Kristofer Österlind

Lead Image Analyst with a feeling for liver disease

I’m currently the lead image analyst for a set of clinical trials in NASH*. In these studies, we analyse images from patients who have a fatty and scarred liver, where the cause is not alcohol consumption, but other lifestyle factors such as obesity or diabetes. This is a disease with high focus at the moment. Given how we live and eat, the proportion of NASH patients in the world is growing. I see the effects of that every day in my work, so I can become a bit of a party pooper in dinner parties if someone starts talking eating habits. 

The art of working with image analysis
Working with image analysis is pretty much what it sounds like. Every day, different types of scans come in from different sites around the world for different studies. An important part in my role as a lead image analyst is to ensure a timely and high-quality delivery of these imaging data. The analysis team’s job is to review incoming scans, check the quality, analyse and produce the results. On a regular day, an image analyst might have up to ten scans to analyse, depending on the complexity of the endpoint. We check a number of pre-defined specific imaging parameters for the endpoints we are analysing in the project. Of course, we also note patterns or irregularities that we want the imaging director responsible for the study to pay attention to and work with them to resolve technical issues that might come up.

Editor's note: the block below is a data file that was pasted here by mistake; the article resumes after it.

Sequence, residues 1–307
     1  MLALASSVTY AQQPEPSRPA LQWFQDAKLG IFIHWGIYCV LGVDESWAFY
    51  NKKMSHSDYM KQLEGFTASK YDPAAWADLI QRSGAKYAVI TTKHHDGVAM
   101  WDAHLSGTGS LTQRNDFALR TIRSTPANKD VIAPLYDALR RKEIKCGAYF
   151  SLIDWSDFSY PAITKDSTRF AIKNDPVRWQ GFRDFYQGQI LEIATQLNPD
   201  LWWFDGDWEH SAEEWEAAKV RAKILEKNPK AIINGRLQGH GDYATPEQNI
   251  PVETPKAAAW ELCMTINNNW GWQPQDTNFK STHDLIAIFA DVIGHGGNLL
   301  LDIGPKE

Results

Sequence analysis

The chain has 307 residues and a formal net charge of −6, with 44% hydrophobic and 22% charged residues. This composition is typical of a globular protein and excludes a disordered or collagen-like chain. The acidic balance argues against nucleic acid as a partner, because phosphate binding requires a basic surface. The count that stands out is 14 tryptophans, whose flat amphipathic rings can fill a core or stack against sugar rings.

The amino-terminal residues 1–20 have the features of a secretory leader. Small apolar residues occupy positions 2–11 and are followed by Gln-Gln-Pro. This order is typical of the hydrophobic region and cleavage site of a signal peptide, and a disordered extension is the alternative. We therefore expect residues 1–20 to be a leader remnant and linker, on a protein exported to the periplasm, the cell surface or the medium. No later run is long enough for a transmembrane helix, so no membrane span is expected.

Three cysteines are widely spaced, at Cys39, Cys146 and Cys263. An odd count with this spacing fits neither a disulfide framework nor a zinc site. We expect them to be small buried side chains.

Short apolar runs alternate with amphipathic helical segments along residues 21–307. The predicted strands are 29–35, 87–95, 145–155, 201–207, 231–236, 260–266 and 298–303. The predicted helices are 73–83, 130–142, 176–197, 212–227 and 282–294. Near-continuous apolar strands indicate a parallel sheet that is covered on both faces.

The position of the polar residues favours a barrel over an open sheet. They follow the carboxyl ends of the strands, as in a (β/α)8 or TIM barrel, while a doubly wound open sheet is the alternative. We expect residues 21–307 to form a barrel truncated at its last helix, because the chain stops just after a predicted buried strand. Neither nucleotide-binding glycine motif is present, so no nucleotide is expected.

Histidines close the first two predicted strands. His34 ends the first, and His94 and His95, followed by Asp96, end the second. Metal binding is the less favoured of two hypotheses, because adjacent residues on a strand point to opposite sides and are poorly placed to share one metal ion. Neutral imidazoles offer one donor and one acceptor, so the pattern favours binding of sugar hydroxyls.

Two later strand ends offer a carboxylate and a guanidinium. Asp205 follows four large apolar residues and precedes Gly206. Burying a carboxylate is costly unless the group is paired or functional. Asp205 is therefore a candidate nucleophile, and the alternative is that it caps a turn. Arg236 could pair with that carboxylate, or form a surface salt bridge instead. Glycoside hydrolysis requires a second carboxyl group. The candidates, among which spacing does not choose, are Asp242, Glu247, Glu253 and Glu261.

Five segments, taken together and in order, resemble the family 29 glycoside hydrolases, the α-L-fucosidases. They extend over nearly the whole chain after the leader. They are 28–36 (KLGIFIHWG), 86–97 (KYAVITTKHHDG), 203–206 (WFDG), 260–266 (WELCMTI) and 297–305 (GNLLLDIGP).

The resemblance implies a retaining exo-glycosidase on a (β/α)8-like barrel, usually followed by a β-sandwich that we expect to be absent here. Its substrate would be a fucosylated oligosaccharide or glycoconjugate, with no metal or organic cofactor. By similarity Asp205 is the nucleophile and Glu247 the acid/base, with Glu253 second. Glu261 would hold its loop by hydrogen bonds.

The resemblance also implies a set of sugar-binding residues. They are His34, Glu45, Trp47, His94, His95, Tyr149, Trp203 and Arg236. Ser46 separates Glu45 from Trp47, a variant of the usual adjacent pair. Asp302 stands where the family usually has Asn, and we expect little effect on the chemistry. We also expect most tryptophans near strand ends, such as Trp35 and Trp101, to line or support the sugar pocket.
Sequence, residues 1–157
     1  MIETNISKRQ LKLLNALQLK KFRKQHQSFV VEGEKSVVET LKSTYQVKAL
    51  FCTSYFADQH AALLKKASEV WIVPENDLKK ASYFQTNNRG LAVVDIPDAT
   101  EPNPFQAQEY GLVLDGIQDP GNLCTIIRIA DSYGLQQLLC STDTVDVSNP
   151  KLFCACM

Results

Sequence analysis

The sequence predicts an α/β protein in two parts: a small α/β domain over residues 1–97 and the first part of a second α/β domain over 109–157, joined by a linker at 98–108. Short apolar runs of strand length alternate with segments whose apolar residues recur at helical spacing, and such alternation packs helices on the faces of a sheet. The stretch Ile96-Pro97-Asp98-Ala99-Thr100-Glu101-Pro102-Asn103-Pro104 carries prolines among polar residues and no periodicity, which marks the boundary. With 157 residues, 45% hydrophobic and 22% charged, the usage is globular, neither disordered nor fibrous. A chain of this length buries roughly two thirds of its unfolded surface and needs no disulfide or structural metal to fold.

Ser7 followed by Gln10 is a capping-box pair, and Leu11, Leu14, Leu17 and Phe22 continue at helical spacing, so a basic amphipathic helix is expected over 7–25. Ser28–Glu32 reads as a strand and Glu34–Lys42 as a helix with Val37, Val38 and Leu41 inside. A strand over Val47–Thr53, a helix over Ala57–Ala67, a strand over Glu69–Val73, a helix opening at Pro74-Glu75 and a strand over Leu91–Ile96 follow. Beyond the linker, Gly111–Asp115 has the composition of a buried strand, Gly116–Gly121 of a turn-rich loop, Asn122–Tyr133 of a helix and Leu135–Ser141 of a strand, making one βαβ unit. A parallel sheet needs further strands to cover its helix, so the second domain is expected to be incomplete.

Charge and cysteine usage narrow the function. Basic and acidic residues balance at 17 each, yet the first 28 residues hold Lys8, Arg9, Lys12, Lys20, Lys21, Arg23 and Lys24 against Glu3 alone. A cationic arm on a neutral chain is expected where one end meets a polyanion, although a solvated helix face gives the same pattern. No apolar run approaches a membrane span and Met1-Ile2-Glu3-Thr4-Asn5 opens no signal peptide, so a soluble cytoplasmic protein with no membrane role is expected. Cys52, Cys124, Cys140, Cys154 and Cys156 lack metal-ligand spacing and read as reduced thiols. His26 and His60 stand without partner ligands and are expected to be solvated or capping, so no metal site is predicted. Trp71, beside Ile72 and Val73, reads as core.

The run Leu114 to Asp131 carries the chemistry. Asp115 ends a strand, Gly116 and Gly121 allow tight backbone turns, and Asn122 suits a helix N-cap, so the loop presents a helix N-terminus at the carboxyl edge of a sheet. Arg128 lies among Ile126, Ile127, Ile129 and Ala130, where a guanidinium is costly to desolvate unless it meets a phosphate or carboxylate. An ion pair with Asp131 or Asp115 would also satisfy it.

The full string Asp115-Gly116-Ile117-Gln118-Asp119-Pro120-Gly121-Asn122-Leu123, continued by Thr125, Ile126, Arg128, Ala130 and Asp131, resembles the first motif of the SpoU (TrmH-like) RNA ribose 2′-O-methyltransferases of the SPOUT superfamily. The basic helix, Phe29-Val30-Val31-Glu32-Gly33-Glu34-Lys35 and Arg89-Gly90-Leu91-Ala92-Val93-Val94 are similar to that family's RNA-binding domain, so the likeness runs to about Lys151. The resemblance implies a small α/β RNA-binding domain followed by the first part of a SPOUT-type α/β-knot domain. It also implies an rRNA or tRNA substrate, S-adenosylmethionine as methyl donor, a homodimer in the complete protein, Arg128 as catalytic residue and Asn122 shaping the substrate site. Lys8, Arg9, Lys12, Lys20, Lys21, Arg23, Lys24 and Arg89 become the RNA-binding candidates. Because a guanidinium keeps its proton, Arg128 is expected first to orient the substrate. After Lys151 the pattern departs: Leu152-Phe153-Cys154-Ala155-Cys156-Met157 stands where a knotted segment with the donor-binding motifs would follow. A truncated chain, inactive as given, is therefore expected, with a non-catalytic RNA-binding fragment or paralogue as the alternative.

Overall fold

Knowledgeable colleagues to discuss with
I’ve become more and more specialized in liver imaging over the years. In one of my current NASH projects, images come mainly from sites in the United States. I have a lot of contact with the imaging sites, but I don’t travel around and visit them – that’s the job of the imaging directors and specialists. As an analyst you focus on the tasks within the image quality and analysis workflow. It requires that you work methodically and don’t take any shortcuts. As a lead image analyst, you work with the wider team to help shape this workflow. But you’re not alone in your decisions. There are always colleagues to discuss with and, of course, experts in different disease areas.  My role also includes working closely with Antaros Medical software group, to make sure we have what we need for each specific image analysis within my studies. I really enjoy this type of teamwork!

Everyone is encouraged to participate and develop the company
It’s now approaching two and half years at Antaros Medical for me. It all started when I did my Master’s project here. I must have made a good impression on my supervisor. From the very beginning, I felt that everyone was very helpful. We’re keen to get everyone involved in the company. There’s also a lot of drive to push things forward and do new things. There’s always the opportunity to influence and discuss, even for newcomers. I see us as a kind of curious organization, open for changes and development.

*NASH= Non-alcoholic steatohepatitis